Lee Baldwin, Product Development Manager at Sika, is introducing coloured concrete, which will give the drab-looking material a new lease of life in terms of its usage. From industrial units to art installations, coloured concrete has become a go-to solution for designers and those who want their structures to look good, as well as last.

Sika has been a leader in the development of the pigment that has allowed concrete structures to look differently for the past 15 years. To achieve a coloured concrete, it is necessary to add liquid or powder-form pigmented metal oxides, mainly iron oxide, to a concrete mix. The dosage is normally 0.5 – 5.0% of the cement weight and higher dosages do not enhance the colour intensity but may adversely affect the concrete quality. At Sika, primary colours are available, including yellow, red, black, and white, which can then be mixed to create a spectrum of shades.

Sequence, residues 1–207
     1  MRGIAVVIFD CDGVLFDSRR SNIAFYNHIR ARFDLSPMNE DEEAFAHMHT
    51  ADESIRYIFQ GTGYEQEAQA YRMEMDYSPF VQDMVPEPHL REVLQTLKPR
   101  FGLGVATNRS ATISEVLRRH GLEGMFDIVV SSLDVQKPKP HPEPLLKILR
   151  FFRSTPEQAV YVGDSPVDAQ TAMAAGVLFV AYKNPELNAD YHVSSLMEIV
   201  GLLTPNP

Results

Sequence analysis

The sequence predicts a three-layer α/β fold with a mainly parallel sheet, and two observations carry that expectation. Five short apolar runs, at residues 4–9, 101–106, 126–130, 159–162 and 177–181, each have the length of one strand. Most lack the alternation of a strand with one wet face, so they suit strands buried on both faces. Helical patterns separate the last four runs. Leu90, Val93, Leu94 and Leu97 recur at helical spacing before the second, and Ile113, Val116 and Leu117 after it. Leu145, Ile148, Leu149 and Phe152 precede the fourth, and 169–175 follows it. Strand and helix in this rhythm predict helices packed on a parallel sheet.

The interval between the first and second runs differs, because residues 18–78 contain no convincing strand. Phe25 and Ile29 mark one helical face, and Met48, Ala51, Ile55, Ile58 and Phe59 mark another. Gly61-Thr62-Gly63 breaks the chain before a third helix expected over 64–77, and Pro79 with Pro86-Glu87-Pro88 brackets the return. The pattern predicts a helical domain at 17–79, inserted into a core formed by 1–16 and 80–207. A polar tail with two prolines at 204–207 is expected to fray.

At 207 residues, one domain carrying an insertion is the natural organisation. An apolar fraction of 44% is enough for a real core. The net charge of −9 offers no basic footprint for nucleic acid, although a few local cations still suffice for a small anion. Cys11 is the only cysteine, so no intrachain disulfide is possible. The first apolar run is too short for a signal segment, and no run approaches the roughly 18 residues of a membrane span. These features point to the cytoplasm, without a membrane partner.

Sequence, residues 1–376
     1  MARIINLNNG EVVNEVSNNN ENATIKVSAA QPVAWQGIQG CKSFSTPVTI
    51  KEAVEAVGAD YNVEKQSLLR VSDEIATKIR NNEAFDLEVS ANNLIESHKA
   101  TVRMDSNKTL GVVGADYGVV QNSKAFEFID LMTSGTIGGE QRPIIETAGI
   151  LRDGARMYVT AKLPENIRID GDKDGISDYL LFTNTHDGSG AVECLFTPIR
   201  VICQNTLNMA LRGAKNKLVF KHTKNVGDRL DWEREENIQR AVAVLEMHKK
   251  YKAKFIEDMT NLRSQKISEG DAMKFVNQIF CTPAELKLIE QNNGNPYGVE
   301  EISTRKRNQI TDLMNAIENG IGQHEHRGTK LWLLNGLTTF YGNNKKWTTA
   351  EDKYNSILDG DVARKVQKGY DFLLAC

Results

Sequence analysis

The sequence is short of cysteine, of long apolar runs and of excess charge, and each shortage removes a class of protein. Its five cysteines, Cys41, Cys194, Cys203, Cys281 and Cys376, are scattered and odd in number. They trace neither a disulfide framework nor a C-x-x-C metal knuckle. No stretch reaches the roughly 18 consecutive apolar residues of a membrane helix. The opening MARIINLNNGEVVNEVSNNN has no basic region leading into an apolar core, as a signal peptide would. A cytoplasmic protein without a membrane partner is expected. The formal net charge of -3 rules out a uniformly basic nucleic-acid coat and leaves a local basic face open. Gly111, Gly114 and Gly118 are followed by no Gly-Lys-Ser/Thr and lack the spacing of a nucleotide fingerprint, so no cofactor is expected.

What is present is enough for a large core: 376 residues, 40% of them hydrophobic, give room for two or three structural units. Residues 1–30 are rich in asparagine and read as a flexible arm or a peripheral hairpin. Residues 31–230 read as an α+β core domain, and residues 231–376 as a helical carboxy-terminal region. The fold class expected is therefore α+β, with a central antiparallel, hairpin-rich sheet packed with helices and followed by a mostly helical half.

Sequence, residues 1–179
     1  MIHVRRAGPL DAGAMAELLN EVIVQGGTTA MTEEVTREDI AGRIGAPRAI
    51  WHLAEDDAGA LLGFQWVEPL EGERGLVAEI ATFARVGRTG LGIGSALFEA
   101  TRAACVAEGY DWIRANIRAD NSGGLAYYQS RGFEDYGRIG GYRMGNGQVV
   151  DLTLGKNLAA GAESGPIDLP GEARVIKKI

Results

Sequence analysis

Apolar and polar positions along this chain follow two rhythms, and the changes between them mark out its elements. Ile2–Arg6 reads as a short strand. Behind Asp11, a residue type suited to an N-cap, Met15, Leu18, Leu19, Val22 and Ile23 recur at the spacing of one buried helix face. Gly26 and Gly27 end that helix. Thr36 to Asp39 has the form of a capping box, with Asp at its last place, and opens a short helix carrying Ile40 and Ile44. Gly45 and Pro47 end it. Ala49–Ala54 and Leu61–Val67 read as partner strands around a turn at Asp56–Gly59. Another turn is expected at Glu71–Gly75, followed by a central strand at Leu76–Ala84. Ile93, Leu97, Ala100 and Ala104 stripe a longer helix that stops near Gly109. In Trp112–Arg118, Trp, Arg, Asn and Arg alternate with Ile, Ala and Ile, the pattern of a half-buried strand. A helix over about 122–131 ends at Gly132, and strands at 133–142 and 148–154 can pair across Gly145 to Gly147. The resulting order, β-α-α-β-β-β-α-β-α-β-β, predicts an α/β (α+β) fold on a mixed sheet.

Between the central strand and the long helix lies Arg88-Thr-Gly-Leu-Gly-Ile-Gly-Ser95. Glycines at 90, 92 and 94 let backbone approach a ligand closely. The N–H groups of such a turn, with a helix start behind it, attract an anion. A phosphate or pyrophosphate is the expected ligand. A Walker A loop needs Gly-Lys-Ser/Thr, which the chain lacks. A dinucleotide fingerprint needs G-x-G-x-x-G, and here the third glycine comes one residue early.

Now that coloured concrete exists, there are no more limitations to how and where it can be used. It can be blended in with its environment or designed to stand out. A good example of pigmented concrete’s harmonious capabilities can be seen at Payers Park, Folkestone where it was used in the formation of sandstone-coloured steps as part of a recent Sika-based project. Other projects that will use the Sika Concrete Coloured range include specification at the new Concorde Museum in Bristol, where it will be used to create dark grey flooring, as well as being the colourful base for a skate park.

Pigmented concrete can not only be used in commercial projects, but also as a domestic installation. It is durable and requires little to no maintenance, which made it a solid alternative to tarmac. If used in kitchens, the coloured concrete created hard, marble-like flooring and chips and minor damaging to it does not affect its look. Pigmentation has added a new flexibility to concrete, this most unyielding of materials. Its grey days are over and a brighter, more colourful new era awaits.